Presented by Emeritus Professor Robert Clancy AM. Robert Clancy has been an avid map collector for over 40 years, from $20 tourist maps to rare charts of exploration. Each map in his collection has a story attached - whether it be the first selection he bought in London or the Matthew Flinders atlas he bought in 1978.
In New South Wales the serving soldiers were charged with a double remit — as the agents of expansion and as the enforcers of confinement. This dual military function is examined through the story of two wooden boxes — including the Macquarie Collector’s Chest, one of the treasures of the Mitchell Library.
Cathy Perkins will talk about her new biography, The Shelf Life of Zora Cross, in conversation with Curator Sarah Morley. They will discuss the pleasures and challenges of biography, and why Zora Cross was such a satisfying subject.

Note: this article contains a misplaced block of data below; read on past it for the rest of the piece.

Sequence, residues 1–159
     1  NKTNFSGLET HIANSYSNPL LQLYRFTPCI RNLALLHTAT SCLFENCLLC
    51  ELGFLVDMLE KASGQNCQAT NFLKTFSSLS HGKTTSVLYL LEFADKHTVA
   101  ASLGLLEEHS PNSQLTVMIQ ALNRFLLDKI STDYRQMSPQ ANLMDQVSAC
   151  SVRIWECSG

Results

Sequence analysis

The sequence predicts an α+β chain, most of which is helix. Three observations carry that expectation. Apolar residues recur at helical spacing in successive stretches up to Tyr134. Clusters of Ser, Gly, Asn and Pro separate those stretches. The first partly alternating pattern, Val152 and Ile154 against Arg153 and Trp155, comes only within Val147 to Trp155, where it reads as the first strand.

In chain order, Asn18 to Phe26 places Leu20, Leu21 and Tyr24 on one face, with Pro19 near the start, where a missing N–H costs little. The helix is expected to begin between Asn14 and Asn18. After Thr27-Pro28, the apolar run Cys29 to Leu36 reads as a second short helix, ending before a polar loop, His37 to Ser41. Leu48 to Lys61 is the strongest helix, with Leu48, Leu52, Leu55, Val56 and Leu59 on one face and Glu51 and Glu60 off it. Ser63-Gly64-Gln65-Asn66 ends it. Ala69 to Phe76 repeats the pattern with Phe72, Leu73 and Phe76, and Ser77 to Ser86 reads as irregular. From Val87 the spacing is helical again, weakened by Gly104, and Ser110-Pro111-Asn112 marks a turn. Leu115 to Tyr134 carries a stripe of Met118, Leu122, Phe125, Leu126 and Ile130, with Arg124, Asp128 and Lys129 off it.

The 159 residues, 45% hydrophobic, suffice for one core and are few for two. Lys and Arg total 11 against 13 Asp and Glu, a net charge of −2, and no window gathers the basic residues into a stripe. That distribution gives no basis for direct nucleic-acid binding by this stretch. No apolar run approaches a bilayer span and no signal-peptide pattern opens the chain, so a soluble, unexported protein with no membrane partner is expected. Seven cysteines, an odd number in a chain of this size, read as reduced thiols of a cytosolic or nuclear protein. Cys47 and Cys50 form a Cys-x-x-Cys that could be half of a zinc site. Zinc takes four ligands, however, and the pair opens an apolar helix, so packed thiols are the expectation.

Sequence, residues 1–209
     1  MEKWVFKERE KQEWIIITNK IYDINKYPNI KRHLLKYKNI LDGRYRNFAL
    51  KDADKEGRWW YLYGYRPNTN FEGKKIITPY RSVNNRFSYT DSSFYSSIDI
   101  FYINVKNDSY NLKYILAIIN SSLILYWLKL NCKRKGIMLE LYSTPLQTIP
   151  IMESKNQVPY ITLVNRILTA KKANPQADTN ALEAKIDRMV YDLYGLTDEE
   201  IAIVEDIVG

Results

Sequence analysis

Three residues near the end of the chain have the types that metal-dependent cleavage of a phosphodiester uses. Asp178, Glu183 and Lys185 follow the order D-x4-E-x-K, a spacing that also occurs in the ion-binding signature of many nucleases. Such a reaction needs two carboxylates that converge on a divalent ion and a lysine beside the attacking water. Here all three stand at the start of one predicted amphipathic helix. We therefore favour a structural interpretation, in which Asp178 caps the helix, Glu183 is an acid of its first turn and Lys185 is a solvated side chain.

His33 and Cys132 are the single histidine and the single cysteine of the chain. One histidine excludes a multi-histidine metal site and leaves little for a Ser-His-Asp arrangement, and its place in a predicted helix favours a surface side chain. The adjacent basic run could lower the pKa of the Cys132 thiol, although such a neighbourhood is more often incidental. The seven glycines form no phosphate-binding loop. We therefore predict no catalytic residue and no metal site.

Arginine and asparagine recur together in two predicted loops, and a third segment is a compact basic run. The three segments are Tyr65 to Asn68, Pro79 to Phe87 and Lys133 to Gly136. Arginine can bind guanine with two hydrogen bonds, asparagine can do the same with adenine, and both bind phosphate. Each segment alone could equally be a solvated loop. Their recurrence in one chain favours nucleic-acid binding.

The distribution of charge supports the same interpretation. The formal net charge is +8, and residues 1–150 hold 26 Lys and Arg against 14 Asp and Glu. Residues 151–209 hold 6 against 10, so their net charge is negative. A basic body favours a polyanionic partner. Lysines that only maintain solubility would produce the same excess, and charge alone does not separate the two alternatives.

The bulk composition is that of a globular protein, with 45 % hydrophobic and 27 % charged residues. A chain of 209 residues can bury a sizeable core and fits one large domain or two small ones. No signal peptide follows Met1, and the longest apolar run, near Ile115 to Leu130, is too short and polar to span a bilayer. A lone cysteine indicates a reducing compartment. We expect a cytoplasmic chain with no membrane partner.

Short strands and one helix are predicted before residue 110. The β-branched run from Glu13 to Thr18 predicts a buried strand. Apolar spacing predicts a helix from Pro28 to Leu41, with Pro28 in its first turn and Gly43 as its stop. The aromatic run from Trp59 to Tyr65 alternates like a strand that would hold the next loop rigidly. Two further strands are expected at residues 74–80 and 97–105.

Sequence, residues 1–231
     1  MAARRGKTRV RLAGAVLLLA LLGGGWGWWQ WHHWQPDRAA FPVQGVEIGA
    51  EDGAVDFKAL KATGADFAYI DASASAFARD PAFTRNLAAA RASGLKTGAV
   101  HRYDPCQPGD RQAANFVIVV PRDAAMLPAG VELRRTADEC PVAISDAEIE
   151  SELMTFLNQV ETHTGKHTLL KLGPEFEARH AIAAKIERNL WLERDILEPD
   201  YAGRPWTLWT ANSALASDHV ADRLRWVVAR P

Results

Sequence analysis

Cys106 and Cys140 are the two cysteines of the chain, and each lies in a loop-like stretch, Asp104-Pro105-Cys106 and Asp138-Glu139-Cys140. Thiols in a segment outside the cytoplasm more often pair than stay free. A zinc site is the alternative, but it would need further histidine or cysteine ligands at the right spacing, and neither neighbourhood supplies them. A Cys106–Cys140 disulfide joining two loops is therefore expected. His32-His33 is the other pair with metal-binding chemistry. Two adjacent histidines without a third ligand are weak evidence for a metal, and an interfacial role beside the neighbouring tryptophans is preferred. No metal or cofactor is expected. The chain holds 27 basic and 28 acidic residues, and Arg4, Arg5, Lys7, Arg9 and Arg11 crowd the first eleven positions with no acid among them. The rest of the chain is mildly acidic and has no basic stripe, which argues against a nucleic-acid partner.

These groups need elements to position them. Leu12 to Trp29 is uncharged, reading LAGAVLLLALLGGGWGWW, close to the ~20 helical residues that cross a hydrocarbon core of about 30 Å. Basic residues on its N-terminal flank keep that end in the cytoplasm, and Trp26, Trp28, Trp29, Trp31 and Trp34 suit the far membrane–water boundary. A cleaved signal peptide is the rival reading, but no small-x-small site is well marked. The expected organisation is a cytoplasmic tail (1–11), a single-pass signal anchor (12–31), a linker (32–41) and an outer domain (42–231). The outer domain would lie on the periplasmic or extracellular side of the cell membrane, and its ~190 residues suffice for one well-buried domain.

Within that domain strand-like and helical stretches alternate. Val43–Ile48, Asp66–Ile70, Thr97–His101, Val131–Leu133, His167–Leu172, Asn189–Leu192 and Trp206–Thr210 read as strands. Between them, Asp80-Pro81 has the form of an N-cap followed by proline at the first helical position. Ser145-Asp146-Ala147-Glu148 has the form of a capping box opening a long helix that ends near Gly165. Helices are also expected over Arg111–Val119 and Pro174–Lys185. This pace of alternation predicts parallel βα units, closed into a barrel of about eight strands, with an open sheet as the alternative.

In all the ups and downs of his career, Matthew Flinders always knew he would get nowhere without his friends – and we have a vast amount of evidence from his letters and journals about what friendship meant to him and whom he regarded as his friends. In this talk, Dr Gillian Dooley will go to Flinders’ own writings and other contemporary sources, to explore his affections and allegiances, and establish who his real friends were.
Join us at the Library for The B List, an exciting, new style of book club hosted by the award-winning author and avid reader, Bri Lee. After the conversation we will retire to our historic Friends Room where you will be able to buy a drink and chat further with your new book club friends!
In 2015, The Guardian journalist Gabrielle Jackson told her editor she wanted to write about endometriosis. It turned into a world-wide investigation into the disease which became the catalyst for Gabrielle thinking more widely about women's pain and how it is viewed and treated not just by the medical profession, but by wider society, the result is her new book Pain and Prejudice.
Join leading historians, academics, artists, conservationists and knowledge keepers as they shine a spotlight on the fascinating histories, politics and cultural initiatives that continue to shape contemporary Indigenous Australia.